Alongside Chinese influence in Sri Lanka, the potential repercussions can reshape geopolitical realities in the Indian Ocean. The increase in Chinese naval visits to ports like Colombo and Hambantota reflects Beijing’s economic grip over Colombo, potentially shifting Sri Lanka away from India’s orbit in addressing pertinent geopolitical issues. The power asymmetry between Colombo and Beijing became apparent in 2022 when a Chinese spy ship was permitted to dock in the Hambantota port despite India’s objections. China declined Sri Lanka’s foreign ministry request to defer the port visit, claiming it unjustified for certain countries to pressure Colombo.[30] Subsequently, Sri Lanka announced that the ship would be allowed to dock, illustrating how Chinese tactics push small states to align with Beijing’s strategic interests.

Overall, Beijing’s approach toward weaker states in South Asia and Africa mirrors China’s long-term strategic aspirations in the Indian Ocean, serving as a means for China to resolve its economic goals overseas.

Mahan vs Corbett: Hybrid Chinese Strategic Reading of the Indian Ocean

In addition to embracing Mahan as a key strategist in reshaping its naval strategy, China appears to be intrigued by the works of British naval historian Sir Julian Corbett. While Mahan and Corbett share certain commonalities, such as recognizing the need to control vital sea lanes for both strategic and commercial interests, Corbett diverges from Mahan’s singular focus on achieving complete naval dominance over the enemy at sea. Specifically, Corbett rejects Mahan’s emphasis on pursuing decisive battles to eliminate the enemy.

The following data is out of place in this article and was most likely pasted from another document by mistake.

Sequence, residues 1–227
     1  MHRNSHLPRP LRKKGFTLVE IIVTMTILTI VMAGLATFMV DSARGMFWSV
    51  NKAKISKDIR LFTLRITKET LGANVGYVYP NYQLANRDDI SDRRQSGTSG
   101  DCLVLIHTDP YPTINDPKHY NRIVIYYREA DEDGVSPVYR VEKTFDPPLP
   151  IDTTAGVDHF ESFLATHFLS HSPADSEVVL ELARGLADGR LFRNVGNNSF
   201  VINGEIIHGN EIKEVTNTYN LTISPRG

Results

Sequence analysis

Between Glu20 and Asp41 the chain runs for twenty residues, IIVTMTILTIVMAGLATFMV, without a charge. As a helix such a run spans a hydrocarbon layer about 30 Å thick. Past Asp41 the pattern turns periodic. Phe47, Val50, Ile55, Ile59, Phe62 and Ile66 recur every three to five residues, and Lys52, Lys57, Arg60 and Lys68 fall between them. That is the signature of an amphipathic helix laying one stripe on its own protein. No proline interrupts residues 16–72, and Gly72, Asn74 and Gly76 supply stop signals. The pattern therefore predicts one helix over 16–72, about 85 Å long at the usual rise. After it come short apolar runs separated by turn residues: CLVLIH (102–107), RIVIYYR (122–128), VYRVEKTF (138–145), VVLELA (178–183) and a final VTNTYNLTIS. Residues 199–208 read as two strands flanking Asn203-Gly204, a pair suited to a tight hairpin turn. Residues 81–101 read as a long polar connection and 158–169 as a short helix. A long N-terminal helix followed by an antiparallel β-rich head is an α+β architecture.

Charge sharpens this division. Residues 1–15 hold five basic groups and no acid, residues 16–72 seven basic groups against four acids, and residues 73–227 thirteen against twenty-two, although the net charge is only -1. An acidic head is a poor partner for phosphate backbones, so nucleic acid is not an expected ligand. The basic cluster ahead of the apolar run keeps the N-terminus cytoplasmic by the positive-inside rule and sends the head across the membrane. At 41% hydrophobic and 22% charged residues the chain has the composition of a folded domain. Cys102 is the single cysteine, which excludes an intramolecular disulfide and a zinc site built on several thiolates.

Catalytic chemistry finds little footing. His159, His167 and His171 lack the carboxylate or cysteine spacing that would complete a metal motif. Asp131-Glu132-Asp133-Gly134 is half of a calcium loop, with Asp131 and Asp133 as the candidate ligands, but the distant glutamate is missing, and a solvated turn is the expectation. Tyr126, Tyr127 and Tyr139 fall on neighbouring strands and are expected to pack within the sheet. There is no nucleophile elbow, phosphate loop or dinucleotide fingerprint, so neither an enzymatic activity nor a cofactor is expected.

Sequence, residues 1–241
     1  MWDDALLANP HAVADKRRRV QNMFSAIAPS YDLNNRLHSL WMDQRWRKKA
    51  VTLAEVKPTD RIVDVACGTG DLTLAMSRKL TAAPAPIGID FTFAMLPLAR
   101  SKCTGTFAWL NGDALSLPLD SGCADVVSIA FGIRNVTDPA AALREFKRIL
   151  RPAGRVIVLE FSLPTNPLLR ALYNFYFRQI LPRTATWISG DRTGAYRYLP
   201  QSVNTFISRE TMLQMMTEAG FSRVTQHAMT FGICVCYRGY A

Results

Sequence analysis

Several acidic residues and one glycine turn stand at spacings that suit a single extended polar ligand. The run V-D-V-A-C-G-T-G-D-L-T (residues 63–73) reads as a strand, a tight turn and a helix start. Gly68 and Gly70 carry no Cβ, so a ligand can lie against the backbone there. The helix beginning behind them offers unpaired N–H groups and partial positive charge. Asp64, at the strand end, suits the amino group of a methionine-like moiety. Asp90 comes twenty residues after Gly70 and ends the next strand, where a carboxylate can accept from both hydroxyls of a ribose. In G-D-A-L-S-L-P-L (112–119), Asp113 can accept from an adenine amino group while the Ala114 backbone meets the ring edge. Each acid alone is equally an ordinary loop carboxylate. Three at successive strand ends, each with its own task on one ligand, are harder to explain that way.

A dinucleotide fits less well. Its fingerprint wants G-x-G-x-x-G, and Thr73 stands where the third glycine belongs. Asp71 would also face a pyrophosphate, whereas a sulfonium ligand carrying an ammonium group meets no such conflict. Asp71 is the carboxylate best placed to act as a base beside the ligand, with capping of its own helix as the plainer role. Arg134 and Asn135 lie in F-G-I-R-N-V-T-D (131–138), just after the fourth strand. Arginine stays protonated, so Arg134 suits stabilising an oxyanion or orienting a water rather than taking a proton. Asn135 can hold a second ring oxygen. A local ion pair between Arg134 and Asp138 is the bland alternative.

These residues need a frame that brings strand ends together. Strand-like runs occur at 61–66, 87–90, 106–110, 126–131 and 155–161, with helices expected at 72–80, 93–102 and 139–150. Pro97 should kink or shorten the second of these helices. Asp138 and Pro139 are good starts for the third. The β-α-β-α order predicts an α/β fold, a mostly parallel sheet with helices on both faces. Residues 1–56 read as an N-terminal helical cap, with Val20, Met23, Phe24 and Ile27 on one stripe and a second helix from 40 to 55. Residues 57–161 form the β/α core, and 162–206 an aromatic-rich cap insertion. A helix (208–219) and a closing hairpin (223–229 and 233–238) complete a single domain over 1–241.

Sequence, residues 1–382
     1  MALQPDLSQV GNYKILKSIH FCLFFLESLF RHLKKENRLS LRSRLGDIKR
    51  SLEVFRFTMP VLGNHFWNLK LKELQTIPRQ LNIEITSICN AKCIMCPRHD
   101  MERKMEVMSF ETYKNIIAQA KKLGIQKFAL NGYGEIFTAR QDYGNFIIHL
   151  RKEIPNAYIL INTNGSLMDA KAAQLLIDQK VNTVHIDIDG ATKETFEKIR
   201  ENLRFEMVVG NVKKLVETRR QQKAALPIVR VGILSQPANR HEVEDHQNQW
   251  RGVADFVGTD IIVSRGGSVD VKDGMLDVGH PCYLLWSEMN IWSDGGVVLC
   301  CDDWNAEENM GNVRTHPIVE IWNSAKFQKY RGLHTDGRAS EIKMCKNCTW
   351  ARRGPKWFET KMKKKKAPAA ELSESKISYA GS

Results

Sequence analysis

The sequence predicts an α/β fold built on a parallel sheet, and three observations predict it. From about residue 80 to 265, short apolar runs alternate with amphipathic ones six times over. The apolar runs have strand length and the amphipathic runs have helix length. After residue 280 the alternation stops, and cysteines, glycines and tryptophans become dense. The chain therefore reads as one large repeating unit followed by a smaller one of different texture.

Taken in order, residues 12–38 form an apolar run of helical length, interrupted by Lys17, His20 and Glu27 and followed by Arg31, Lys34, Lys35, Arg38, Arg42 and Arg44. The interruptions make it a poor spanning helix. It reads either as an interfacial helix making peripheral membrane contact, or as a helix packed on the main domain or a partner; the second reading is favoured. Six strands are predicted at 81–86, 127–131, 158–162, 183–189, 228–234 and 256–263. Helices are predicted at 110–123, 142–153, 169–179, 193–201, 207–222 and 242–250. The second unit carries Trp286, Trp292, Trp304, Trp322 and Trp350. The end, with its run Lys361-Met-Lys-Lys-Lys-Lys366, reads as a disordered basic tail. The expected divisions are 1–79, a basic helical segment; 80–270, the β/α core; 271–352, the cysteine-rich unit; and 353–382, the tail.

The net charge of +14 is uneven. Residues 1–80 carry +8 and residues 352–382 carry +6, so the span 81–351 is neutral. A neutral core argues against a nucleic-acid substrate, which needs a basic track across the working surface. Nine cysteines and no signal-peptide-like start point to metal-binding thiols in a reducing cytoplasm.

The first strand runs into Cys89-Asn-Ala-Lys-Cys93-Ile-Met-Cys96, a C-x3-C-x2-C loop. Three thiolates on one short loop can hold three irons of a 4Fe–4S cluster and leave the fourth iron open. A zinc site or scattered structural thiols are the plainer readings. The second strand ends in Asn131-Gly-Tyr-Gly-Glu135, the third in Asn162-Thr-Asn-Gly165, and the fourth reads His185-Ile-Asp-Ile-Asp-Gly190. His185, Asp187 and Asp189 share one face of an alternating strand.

Contrary to the grand strategic outcome envisioned by Mahan through naval annihilation, Corbett argues for the importance of establishing temporary control of the sea through methods such as blockade, commerce raiding, or homeland defense. Andrew Lathem states, “For Corbett, as for Clausewitz the most fundamental principle was the primacy of politics in war. Maritime strategy, he believed, should always be derived from nation’s specific political goals, purposes and constrains.”[31]

In Latham’s analysis, China finds several compelling reasons to incorporate both Mahan and Corbett into shaping its naval strategy. Among the myriad factors driving China’s maritime focus, a primary catalyst is its notable shift from defending the mainland to asserting claims over disputed territories, a strategy known as “offshore balancing.” This strategy comprises three main principles.

Firstly, it entails the protection of China’s land and littoral frontiers, which encompasses securing the entirety of the nine-dash line in the South China Sea, claiming certain islands in the East China Sea, and ultimately regaining control of Taiwan. Secondly, the principle of offshore balancing emphasizes extending China’s influence to its immediate neighborhood, spanning from Vietnam to Thailand. Thirdly, and most crucially, China is determined to expand its chains of island strategy across five chains, aiming to establish a balance of power that prevents US hegemony from prevailing.

The fourth and fifth island chains, encompassing states like Sri Lanka, Gwadar in Pakistan, and Djibouti in the Horn of Africa, lean in favor of China’s ascent as a key player in the Indian Ocean. These strategic moves underscore China’s ambition to shape the maritime domain and assert its influence in regions vital to its national interests.

Corbett’s insight emerges as instrumental in shaping China’s naval strategy, influenced by Mahanian principles. Corbett’s philosophy fundamentally advocates for a balance between sea power and land power, contrasting with Mahan’s singular focus on naval supremacy. From Corbett’s perspective, naval and land forces should coordinate operations jointly, a concept he termed “maritime strategy,” distinct from Mahan’s naval-centric approach.[32]